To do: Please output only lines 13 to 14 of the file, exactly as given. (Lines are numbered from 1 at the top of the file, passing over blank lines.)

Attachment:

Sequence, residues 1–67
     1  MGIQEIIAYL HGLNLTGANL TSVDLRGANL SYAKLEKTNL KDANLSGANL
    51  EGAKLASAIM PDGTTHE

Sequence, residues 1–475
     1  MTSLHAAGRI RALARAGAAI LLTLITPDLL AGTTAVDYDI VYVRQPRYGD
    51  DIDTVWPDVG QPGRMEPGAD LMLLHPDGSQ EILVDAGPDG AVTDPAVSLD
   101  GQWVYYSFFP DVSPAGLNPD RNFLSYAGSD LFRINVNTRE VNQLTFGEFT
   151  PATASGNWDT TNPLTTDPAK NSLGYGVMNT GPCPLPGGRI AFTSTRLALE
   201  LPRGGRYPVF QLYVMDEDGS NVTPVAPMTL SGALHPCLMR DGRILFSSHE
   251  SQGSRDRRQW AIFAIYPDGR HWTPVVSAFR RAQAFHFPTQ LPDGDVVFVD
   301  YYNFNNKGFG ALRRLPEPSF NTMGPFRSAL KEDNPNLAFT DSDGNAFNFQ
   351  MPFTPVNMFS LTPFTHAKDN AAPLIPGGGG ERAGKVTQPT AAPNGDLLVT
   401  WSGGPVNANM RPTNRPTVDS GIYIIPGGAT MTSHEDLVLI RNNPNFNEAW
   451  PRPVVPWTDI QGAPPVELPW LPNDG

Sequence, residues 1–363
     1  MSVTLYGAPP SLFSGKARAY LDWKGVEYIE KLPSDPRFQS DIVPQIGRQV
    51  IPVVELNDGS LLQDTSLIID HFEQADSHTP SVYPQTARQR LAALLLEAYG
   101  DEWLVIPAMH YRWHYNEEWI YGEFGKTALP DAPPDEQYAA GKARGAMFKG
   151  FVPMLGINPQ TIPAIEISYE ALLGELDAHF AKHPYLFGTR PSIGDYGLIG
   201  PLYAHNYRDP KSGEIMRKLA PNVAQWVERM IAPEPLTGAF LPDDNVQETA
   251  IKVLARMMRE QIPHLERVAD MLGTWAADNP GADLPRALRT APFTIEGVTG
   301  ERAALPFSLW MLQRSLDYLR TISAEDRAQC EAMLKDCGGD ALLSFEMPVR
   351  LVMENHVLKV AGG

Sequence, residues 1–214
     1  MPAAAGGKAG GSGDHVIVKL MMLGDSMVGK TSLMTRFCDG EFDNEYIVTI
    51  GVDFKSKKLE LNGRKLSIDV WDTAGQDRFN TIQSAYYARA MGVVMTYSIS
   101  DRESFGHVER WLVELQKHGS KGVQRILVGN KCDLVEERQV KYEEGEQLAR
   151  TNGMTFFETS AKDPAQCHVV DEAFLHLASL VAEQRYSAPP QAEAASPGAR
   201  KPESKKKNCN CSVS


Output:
   401  WSGGPVNANM RPTNRPTVDS GIYIIPGGAT MTSHEDLVLI RNNPNFNEAW
   451  PRPVVPWTDI QGAPPVELPW LPNDG